From the beginning of May up until a few weeks ago we had plenty of tomatoes. Unfortunately, tomato plants do not last forever – and a spider mite infestation took hold of all my tomato vines before I could manage it.
|After many years of work with tomatoes it was nice to have a good harvest|
|One of my Celebrity tomato plants in May|
In consideration of the spider mite damage, I decided to pull out all my old tomato vines and let all my other vegetables grow until I could acquire more starts.
|Before a trip I picked all the partially ripe tomatoes to give away|
Lost my heirlooms to blight already, but hybrids holding their own. Lots of tomatoes here but all green still...once they start ripening it will be a mass of red sweet delight.ReplyDelete
Thanks for the comment, Donna. I wish I could find an heirloom for my climate that will do as well as advertised.Delete
Glad you got some nice tomatoes - even enough to give some away. Hard to see your vines lost to mites. Our summer is so cool here (nights in the 40s) has set back most of the veg and I'm getting very little this year in spite of lack of bad bugs. It's always something, no? Yet we persevere... Good luck with the rest of your veg.ReplyDelete
Thanks for the comment, Kris. Yes - it is always something. Wow - nights in the 40s. Where are you gardening? In some climates it can be hard to get a good crop due to the cooler weather more than the heat. Do you grow a lot of brassicas?Delete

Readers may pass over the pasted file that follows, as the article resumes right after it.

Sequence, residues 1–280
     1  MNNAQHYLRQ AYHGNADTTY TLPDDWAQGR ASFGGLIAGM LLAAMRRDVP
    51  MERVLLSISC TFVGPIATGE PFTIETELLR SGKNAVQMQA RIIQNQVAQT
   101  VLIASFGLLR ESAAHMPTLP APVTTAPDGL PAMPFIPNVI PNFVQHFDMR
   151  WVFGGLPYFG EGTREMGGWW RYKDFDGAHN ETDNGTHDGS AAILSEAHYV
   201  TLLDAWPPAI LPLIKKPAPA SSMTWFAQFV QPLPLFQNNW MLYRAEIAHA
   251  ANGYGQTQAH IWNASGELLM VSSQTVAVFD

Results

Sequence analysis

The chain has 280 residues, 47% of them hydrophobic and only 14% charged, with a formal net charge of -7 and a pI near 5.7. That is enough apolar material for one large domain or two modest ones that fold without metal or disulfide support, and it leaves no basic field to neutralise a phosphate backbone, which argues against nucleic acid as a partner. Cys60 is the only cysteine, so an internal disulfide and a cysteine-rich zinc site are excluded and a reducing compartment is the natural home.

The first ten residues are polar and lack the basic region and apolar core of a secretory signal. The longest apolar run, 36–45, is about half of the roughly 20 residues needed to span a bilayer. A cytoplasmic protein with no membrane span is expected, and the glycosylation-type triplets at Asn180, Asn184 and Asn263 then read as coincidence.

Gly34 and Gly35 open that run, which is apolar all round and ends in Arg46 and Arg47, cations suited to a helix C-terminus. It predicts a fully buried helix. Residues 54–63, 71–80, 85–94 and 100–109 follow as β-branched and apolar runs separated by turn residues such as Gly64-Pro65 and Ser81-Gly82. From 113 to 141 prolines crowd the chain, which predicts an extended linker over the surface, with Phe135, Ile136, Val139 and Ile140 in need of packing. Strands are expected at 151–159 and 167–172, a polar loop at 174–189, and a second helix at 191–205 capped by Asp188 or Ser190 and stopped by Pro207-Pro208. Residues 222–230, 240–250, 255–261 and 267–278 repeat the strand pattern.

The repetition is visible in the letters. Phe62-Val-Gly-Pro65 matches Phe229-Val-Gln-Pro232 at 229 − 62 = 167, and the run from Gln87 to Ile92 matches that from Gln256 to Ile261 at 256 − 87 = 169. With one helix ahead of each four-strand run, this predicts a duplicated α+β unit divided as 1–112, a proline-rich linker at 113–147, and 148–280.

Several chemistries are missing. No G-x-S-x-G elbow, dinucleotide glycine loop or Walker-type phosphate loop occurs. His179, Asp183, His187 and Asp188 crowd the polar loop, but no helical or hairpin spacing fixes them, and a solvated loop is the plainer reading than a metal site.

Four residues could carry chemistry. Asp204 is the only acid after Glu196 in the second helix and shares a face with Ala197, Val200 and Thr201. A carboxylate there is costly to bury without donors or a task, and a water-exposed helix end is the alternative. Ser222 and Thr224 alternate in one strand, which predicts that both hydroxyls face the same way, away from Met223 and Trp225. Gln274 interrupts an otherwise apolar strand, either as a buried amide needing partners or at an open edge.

Jay, NE Ohio -- which seems to have drifted toward the North Pole this year. *sheesh* (Actually, the jet stream has dipped down over Ohio so many times this summer we're mostly breathing Canadian air. Would explain the pine scent...heh.) Only Tuscan kale - and even that is hard to keep from the darn cabbage lopers.Delete
I know what you mean about the cabbage loopers. It seems that some insect pests can tolerate the cold better than our vegetable crops can.
I hope that the Canadian air drifts north this fall so that you can get a decent harvest before the winter kicks in.
I have the same tomato problem every year when our hot weather hits. But this cool summer has kept the mites down . . . But allowed the fungal blights to flourish. I guess that's what is called balance. I still got some ping pong ball size tomatoes, which is all I can ask for.ReplyDelete
Thanks for the comment, Swimray,Delete
Alas - tomatoes are one of the most fickle plants with very little tolerance to variances in climate and plenty of diseases and pests.